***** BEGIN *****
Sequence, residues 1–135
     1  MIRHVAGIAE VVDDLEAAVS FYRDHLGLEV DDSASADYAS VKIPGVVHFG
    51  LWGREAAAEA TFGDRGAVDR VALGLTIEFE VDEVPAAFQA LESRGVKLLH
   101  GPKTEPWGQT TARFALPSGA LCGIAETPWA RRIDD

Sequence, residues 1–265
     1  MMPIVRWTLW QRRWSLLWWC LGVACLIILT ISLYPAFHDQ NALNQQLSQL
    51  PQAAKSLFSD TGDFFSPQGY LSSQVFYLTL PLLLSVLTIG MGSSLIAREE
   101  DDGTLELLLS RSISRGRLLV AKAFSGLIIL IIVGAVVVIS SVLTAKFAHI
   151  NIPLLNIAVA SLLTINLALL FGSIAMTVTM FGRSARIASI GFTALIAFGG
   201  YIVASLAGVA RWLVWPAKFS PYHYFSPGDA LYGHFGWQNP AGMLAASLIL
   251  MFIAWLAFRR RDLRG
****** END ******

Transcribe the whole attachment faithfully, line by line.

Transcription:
Sequence, residues 1–135
     1  MIRHVAGIAE VVDDLEAAVS FYRDHLGLEV DDSASADYAS VKIPGVVHFG
    51  LWGREAAAEA TFGDRGAVDR VALGLTIEFE VDEVPAAFQA LESRGVKLLH
   101  GPKTEPWGQT TARFALPSGA LCGIAETPWA RRIDD

Sequence, residues 1–265
     1  MMPIVRWTLW QRRWSLLWWC LGVACLIILT ISLYPAFHDQ NALNQQLSQL
    51  PQAAKSLFSD TGDFFSPQGY LSSQVFYLTL PLLLSVLTIG MGSSLIAREE
   101  DDGTLELLLS RSISRGRLLV AKAFSGLIIL IIVGAVVVIS SVLTAKFAHI
   151  NIPLLNIAVA SLLTINLALL FGSIAMTVTM FGRSARIASI GFTALIAFGG
   201  YIVASLAGVA RWLVWPAKFS PYHYFSPGDA LYGHFGWQNP AGMLAASLIL
   251  MFIAWLAFRR RDLRG